Executing a change initiative is hard but executing it globally is even harder, says Hazel Greatbatch.
Coming up with the change initiative is the easy part. Executing it is the tough bit. Timelines get missed, priorities overlap and communications collapse. But execute change on a global scale and the process becomes uglier. Multiple stakeholders clash; time, cultural and language differences emerge; and global teams, with their own conflicting priorities, have to be met.
A lot can go wrong when executing a global change programme. So it is imperative that a change programme comes with a clear instruction manual of how it will be executed at every stage and across every region. Clear stakeholder management processes, communication strategies and tight operating policies are the glue that will help hold it together.
Getting stakeholder buy-in
One of the biggest derailers of any global initiative is failure to get stakeholder buy-in from the beginning - at the planning stage, before the programme is launched. It must be a strategic part of the project and not treated as an after-thought.
Before launching the change initiative, consider the various stakeholders involved at every level and in every region. How will the change programme impact them? What's important to them? Who do you need to influence, sell it to and get buy-in from to ensure it is a success? Partner with your learning provider to use this information to map out a clear communications plan and strategy to ensure the programme reaches the right people, at the right time and with the right messages. A corporate mandate to roll out the project doesn't automatically get you local support so make sure that all communications are continuously 'selling' the project in a way that's tailored to the regional stakeholder.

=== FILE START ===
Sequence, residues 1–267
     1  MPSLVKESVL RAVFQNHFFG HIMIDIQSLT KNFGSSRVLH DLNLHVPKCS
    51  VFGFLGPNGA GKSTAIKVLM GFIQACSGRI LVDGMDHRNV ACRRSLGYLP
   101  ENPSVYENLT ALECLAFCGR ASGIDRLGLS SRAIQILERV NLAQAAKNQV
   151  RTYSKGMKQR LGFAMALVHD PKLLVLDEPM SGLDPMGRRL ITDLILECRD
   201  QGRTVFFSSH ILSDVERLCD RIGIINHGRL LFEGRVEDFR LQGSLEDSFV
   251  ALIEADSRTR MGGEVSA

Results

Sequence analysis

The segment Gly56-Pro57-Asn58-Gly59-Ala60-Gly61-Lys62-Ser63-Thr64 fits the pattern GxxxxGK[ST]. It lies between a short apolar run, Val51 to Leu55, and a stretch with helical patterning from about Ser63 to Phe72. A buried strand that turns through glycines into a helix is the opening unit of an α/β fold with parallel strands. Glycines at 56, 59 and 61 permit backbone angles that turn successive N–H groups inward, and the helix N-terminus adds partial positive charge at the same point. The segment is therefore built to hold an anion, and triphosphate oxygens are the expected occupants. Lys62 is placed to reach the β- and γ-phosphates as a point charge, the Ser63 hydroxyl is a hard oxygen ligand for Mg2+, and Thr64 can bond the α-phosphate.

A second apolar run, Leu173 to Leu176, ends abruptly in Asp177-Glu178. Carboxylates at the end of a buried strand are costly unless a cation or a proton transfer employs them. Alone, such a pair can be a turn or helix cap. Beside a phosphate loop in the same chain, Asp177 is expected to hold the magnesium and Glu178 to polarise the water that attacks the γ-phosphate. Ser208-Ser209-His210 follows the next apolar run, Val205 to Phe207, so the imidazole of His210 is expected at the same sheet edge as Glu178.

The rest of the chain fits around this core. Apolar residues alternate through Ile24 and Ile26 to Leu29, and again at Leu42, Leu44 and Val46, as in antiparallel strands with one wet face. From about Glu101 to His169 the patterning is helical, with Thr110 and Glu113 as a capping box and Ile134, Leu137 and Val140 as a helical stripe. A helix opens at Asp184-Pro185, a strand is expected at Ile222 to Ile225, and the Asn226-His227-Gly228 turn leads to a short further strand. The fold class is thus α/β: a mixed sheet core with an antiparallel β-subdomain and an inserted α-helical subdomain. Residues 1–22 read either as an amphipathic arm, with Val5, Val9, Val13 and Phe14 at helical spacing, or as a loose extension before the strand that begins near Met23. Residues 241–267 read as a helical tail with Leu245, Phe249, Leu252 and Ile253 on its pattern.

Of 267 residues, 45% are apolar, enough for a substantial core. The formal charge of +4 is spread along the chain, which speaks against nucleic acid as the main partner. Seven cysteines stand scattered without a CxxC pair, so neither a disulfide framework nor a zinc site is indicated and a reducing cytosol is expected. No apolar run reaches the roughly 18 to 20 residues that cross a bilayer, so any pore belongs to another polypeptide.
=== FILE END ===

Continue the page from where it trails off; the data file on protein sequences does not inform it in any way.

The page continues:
At the launch stage assess the stakeholders to find out who, if any, haven't bought into the programme and why, and then develop a plan to get their support.
Garnering support from senior sponsors at the outset, at a global and local level, to champion the programme can be critical in getting everyone on board as well as removing any potential barriers to success. A team is more likely to adopt the change programme if instructed by their local manager than a central L&D department, so leverage local management and get senior leaders involved in shaping and driving the programme so they're fully on board.
Your global and regional team
A successful global change programme needs a core global team to plan and co-ordinate with the support of a regional team to implement the programme locally. But the more regions involved means the more time zones and cultural differences to consider. This can slow down decision making and impact progress. Keep the global team small with a wider regional team so decisions are made quickly and implemented swiftly.
"Partner with your learning provider to map out a clear communications plan and strategy to ensure the programme reaches the right people, at the right time and with the right messages."
When outlining your project communications plan and strategy consider how to overcome certain regional barriers to ensure you're engaging with all core team members despite location. For example, rotate your team conference calls so it's not always at a time that suits you and remember that holiday seasons and weekends vary across regions such as weekends in the Middle East are on Thursdays and Fridays.